T Nation

Transitioning from Strength Focus to Bodybuilding


Been lifting for four years now with a strength-focused mindset,and both my strength and physique improvements have seemed to stall. Im leaning out right now, gone from 5’7 200 pounds ans maybe 18% to 184 at probably 12%. Once I get under 10% Im interested in trying a training cycle solely focused on hypertrophy. My lifting,program right now looks like this,based on thibadeau’s “how I added 100 pounds…” article:

Squat 8-12 emom doubles with 85% or so
2 squat variations to bring up weak,points (pause and box)
Pull ups
Chinese rows

Klokov press emom triples for 8-12 minutes
Military press 4x6-8
Incline bb 4x8

High pull triples 8-12 emoms
Deadlift doubles 8-12 emoms
BB rows 4x6
Chins 4x8
Cable curls

Bench triples 8-12 emoms
2 bench variarions to,bring,up weak,points (close grip, floor,press, etc) for 4x6-8 each
DB incline

I love the emom (every minute on the minute) training and plan to,stick to,this,until Ive finished leaning out. Any recommendations for a hypertrophy routine after that? I particularly want to bring,up my arms and delts, my aens have always lagged ans my delts,are decent but I’ve always craved that cannonball shoulder look. Sorry for all the damn typos, Im trying to post this on my sh.tty work tablet


Well…the obvious question is what is your current strength level at right now? In other words,how far as your strength focus propelled you?


About two years ago I made a similar transition for the same reason, from mostly focusing on compound movements with little isolation to a more bodybuilding style to improve my physique. Now, I start each workout with a compound movement in a lower rep range (low for bodybuilding style, 5-8), but then transition to more into isolation movements and focus on using a weight that allows me to maximize tension in the working muscle, and less focus on how much weight I’m using. This article https://www.t-nation.com/training/why-bodybuilders-are-more-jacked-than-powerlifters, peaked my interest and got me more into bodybuilding, ultimately to the point of competing.

This article by Clay Hyght is a perfect bodybuilding template. While there are always an option of splits and training methods and such, I firmly believe that this template should be the “foundation” or “meat and potatoes” of your bodybuilding training for at least a year. Consistently training this way for a while will really improve your physique, as well as strength, and after you’ve had some time with this program you can decide how you want to proceed. https://www.t-nation.com/workouts/tried-and-true-bodybuilding-program-template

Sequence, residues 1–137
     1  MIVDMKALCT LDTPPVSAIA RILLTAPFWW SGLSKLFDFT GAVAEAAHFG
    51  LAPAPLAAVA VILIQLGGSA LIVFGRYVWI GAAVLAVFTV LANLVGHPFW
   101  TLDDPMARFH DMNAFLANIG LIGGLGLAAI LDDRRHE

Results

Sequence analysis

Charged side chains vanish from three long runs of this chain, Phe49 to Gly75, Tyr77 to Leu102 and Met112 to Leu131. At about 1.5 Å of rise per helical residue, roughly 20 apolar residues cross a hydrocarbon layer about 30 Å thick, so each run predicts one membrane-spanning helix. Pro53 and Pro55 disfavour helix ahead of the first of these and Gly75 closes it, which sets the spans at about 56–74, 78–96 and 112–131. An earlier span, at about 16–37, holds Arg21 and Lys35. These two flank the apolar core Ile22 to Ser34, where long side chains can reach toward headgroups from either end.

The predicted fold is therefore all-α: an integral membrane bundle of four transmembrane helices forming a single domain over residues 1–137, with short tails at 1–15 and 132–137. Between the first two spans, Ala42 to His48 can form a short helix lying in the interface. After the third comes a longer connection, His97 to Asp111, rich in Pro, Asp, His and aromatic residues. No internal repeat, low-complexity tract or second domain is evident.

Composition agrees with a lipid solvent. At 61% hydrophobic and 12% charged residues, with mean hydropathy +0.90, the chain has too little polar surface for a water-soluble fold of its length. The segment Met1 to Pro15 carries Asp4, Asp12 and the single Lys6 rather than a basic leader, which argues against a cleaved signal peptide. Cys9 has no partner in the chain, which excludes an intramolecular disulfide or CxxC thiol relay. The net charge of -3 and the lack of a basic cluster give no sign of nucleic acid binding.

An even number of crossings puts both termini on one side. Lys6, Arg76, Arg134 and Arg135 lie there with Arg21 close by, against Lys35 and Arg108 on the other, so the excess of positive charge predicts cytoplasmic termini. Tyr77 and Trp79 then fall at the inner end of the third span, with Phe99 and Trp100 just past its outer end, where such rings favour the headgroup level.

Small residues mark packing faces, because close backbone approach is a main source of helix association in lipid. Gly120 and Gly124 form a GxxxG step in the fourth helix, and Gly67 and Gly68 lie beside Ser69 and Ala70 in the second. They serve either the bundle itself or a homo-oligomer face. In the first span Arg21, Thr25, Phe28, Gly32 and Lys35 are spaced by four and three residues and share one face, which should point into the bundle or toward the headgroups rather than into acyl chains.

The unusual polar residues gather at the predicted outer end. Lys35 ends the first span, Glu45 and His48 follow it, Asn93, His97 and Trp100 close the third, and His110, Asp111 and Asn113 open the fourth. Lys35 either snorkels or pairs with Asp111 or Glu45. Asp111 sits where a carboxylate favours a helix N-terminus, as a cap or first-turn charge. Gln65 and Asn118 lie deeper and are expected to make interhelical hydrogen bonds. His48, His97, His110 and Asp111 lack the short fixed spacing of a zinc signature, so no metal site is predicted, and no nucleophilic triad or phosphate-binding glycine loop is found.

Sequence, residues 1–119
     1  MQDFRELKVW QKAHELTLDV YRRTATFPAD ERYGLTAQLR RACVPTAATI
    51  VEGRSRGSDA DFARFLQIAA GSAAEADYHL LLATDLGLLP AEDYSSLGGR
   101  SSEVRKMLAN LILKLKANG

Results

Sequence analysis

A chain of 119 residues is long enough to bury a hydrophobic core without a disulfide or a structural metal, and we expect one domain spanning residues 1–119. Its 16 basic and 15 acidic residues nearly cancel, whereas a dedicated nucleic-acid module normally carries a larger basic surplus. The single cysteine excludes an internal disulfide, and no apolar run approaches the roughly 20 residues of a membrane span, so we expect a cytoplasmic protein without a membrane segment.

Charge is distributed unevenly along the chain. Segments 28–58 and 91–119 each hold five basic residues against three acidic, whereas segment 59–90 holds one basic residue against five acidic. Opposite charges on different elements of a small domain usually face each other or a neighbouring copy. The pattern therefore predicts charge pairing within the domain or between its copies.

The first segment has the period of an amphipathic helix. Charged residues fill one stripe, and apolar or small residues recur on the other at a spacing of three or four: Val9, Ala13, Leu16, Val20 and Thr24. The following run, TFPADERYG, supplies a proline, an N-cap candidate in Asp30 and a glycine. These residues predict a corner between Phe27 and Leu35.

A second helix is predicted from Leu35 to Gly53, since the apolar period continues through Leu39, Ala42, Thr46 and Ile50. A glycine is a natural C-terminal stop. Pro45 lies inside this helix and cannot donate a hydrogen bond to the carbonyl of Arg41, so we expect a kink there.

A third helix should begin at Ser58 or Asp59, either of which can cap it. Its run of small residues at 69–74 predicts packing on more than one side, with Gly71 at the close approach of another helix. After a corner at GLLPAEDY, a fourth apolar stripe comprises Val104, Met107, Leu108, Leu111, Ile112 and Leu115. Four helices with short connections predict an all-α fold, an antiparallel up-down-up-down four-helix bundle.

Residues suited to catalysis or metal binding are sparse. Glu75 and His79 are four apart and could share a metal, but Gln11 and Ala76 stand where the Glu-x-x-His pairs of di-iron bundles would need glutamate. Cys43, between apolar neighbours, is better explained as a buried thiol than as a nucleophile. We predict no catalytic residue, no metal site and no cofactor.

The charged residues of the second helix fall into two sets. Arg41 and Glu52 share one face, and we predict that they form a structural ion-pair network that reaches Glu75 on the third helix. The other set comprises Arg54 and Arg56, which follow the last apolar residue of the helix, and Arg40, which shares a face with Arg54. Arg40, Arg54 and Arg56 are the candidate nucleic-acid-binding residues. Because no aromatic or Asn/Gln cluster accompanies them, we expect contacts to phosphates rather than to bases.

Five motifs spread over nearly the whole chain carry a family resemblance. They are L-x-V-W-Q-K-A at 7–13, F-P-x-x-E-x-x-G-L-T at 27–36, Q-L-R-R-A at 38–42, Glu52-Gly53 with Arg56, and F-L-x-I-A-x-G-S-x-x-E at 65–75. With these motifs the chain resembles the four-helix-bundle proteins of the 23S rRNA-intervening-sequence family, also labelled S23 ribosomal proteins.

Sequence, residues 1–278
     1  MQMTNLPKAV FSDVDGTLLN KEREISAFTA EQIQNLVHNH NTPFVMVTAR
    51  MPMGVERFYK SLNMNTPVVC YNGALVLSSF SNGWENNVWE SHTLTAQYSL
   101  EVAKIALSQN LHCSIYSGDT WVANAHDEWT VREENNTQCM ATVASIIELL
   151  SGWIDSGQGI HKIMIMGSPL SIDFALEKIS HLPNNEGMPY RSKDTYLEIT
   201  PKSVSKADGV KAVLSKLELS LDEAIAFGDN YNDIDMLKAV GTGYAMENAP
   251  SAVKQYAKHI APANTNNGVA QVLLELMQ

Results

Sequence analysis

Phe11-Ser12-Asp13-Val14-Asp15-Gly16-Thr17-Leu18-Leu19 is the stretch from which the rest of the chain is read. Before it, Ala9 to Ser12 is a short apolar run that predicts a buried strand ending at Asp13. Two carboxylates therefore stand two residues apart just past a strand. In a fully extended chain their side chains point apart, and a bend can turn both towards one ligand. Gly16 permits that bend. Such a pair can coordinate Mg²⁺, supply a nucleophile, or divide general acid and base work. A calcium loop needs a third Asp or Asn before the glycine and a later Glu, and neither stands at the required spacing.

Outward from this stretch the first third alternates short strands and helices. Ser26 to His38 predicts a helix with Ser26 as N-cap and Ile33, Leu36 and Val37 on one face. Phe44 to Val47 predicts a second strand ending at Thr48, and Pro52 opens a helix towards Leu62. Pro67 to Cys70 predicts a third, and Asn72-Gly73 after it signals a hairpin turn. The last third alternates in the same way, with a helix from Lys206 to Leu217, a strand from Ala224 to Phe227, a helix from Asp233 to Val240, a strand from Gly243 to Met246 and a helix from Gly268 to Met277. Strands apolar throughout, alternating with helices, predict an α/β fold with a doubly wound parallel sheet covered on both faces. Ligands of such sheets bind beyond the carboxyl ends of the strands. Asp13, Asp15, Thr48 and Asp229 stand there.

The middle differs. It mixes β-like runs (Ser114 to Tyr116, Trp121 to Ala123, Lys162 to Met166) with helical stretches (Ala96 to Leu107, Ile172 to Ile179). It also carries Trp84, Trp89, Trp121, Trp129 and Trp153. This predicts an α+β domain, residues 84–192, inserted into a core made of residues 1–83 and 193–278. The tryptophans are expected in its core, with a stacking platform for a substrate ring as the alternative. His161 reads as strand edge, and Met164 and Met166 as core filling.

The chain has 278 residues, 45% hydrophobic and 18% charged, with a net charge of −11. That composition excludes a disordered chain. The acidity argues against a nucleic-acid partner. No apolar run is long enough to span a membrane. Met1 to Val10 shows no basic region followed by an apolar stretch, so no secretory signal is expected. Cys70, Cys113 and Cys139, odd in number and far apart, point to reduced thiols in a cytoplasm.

Looking at your training, your arms and delts are lagging because they’re not being prioritized. Obviously your focus is more on strength and powerlifting, but that doesn’t mean bodybuilding style training doesn’t increase strength, it absolutely does. Shoulders and arms should have their own day if you want them to grow.


My back squat’s sitting around 400 right now, my bench press is only maybe 260 but I’ve hit 285 at a higher bodyweight, my push press is 200 and my deadlift is 440. My strength has been more or less constant for the past year or two


Thanks, that makes sense, and I like the look of that template. Do you think there’s any use adding an arm specific day when I’m in a deficit, or should I wait until I’m in a surplus again?

On a side note, I’ve been following your contest prep thread for quite a while now. You’re looking pretty big, man! Honored to get input from both you and Aragorn


Absolutely! You’ll put on more mass obviously in a surplus but that doesn’t mean you shouldn’t train a certain muscle group just because you’re in a deficit; if you want a body part to grow, it must be prioritized. If you look at bodybuilders, obviously in a prep we’re always in a deficit, but still training split style to make sure all muscles are hit accordingly to the individual, but all body parts will most certainly be hit at least once. As an example, last year sometimes I would group shoulders in with another muscle group during a training session. Right now I’m trying to bring my shoulders and arms up for next season, so now they each have their own sessions and I hit them both twice a week. Eventually I’ll go back to once a week, but shoulders and arms will still have their own sessions respectively.